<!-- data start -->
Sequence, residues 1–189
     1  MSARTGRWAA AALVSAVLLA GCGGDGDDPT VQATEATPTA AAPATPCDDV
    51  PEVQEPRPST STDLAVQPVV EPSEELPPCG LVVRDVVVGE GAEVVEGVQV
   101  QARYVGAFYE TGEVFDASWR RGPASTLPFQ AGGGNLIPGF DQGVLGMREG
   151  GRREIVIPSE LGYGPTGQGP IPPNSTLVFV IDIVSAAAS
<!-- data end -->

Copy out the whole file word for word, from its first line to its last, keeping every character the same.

Sequence, residues 1–189
     1  MSARTGRWAA AALVSAVLLA GCGGDGDDPT VQATEATPTA AAPATPCDDV
    51  PEVQEPRPST STDLAVQPVV EPSEELPPCG LVVRDVVVGE GAEVVEGVQV
   101  QARYVGAFYE TGEVFDASWR RGPASTLPFQ AGGGNLIPGF DQGVLGMREG
   151  GRREIVIPSE LGYGPTGQGP IPPNSTLVFV IDIVSAAAS